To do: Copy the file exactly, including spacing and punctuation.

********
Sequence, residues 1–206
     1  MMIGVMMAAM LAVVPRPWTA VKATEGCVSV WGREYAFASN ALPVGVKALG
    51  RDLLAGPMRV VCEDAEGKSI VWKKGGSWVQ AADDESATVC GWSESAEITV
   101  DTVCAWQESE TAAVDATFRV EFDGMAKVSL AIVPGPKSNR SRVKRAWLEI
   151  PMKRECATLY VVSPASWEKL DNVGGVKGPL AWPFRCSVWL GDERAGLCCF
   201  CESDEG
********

Sequence, residues 1–206
     1  MMIGVMMAAM LAVVPRPWTA VKATEGCVSV WGREYAFASN ALPVGVKALG
    51  RDLLAGPMRV VCEDAEGKSI VWKKGGSWVQ AADDESATVC GWSESAEITV
   101  DTVCAWQESE TAAVDATFRV EFDGMAKVSL AIVPGPKSNR SRVKRAWLEI
   151  PMKRECATLY VVSPASWEKL DNVGGVKGPL AWPFRCSVWL GDERAGLCCF
   201  CESDEG